|The first excerpt represents the past or something you must release, and is drawn from Travels and Researches in South Africa by Dr. David Livingstone:
formerly firstname.lastname@example.org). To assure a high quality text,
the original was typed in (manually) twice and electronically compared.
[Note on text: Italicized words or phrases are CAPITALIZED.
Some obvious errors have been corrected.]
Missionary Travels and Researches in South Africa.
Also called, Travels and Researches in South Africa;
or, Journeys and Researches in South Africa.
By David Livingstone [British (Scot) Missionary and Explorer--1813-1873.]
David Livingstone was born in Scotland, received his medical degree
from the University of Glasgow, and was sent to South Africa
by the London Missionary Society. Circumstances led him to try to meet
|The second excerpt represents the present or the deciding factor of the moment, and is drawn from A Personal Record by Joseph Conrad:
what is a novel if not a conviction of our fellow-men's existence
strong enough to take upon itself a form of imagined life clearer
than reality and whose accumulated verisimilitude of selected
episodes puts to shame the pride of documentary history.
Providence which saved my MS. from the Congo rapids brought it to
the knowledge of a helpful soul far out on the open sea. It
would be on my part the greatest ingratitude ever to forget the
sallow, sunken face and the deep-set, dark eyes of the young
Cambridge man (he was a "passenger for his health" on board the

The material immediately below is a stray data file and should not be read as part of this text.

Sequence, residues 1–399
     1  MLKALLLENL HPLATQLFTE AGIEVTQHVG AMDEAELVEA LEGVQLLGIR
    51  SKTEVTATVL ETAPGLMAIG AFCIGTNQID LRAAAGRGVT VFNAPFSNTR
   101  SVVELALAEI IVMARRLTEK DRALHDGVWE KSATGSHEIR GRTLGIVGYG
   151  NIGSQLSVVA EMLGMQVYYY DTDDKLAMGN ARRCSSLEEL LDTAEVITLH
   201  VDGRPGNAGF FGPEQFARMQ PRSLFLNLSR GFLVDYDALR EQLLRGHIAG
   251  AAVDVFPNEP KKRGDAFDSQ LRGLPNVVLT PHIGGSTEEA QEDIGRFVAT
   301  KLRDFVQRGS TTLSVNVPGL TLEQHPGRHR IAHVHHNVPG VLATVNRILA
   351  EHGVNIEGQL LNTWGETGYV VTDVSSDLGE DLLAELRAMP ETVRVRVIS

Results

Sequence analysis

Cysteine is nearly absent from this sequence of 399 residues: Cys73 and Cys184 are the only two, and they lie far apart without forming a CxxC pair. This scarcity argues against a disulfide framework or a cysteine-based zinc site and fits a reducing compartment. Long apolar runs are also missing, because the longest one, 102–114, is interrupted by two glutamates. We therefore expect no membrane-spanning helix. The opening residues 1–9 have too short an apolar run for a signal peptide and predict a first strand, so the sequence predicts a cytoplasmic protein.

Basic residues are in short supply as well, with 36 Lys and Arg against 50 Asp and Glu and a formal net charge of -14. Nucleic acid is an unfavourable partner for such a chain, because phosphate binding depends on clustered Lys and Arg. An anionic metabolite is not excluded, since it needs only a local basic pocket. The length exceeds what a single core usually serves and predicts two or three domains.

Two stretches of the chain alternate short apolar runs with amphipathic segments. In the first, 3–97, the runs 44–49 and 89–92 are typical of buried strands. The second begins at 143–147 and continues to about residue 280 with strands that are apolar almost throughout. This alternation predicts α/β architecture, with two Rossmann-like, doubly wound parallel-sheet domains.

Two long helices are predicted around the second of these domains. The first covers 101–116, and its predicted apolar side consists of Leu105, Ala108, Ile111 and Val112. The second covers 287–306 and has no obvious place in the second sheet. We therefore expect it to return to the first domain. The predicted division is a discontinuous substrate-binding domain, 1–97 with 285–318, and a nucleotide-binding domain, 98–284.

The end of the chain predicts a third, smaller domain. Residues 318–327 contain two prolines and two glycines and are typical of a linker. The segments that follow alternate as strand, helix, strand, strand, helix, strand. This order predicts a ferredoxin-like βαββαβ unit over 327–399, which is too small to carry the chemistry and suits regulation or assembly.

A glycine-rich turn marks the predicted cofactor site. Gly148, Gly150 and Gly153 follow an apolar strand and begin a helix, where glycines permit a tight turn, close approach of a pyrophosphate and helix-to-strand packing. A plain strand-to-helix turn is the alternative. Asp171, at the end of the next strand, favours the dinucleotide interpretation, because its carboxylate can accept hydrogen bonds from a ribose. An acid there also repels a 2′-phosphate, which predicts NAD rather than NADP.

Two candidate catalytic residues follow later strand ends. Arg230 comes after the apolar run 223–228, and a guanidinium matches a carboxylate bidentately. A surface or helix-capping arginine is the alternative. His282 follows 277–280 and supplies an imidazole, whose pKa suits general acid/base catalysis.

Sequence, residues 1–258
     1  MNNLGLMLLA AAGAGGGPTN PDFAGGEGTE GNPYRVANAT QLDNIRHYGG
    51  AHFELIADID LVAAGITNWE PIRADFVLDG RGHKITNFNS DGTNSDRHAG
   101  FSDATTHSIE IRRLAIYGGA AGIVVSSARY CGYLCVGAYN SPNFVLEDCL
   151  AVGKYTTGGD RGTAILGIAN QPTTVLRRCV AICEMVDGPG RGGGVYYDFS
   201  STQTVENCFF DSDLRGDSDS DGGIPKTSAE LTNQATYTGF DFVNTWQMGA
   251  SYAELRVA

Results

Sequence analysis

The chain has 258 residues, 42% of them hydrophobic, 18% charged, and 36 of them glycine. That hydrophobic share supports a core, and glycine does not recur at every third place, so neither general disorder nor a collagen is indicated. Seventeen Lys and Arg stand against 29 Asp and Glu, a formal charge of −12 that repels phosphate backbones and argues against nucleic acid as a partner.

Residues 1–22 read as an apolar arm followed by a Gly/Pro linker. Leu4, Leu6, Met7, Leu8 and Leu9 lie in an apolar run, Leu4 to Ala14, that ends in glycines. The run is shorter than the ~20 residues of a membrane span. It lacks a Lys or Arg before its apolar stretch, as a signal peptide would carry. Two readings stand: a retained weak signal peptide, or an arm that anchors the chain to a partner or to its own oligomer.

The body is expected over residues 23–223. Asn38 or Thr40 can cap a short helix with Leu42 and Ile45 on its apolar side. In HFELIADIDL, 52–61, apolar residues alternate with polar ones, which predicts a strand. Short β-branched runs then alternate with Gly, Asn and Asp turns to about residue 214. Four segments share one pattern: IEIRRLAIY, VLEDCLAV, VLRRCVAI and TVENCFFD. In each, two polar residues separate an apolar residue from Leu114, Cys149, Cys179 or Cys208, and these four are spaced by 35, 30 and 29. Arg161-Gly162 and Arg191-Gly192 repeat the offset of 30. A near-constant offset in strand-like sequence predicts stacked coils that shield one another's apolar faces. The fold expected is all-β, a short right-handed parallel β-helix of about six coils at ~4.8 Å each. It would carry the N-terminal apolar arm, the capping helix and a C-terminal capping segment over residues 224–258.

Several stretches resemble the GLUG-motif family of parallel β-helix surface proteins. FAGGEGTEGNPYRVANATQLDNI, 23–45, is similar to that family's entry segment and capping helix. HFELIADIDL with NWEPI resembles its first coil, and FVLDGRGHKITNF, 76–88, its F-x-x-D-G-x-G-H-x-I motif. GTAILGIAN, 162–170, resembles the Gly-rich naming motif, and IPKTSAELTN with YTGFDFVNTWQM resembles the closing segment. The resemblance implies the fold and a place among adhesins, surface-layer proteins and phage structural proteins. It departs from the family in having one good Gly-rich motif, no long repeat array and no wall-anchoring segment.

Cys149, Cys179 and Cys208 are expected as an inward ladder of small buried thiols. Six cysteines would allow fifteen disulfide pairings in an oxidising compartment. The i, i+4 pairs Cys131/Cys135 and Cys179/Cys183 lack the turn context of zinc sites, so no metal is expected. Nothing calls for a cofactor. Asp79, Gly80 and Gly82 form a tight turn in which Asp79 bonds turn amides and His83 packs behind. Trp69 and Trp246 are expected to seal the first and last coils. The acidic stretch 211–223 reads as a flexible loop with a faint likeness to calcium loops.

good ship Torrens outward bound to Australia) who was the first
reader of "Almayer's Folly"--the very first reader I ever had.
A Personal Record
|The third excerpt represents the future or something you must embrace, and is drawn from The Lesser Bourgeoisie by Honore de Balzac:
put twenty thousand francs into the hands of his friend Cerizet. But
Cerizet had positively declined them, on the ground that he ran risks
of a nature to become a possible cause of dispute with associates.
"I could only," he said to Cadenet, "take them at six per cent
interest, and you can do better than that in your own business. We
will go into partnership later, if you like, in some serious
enterprise, some good opportunity which may require, say, fifty
thousand francs. When you have got that sum to invest, let me know,
and we'll talk about it."
Cerizet had only suggested the affair of the house to Theodose after
making sure that among the three, Madame Poiret, Cadenet, and himself,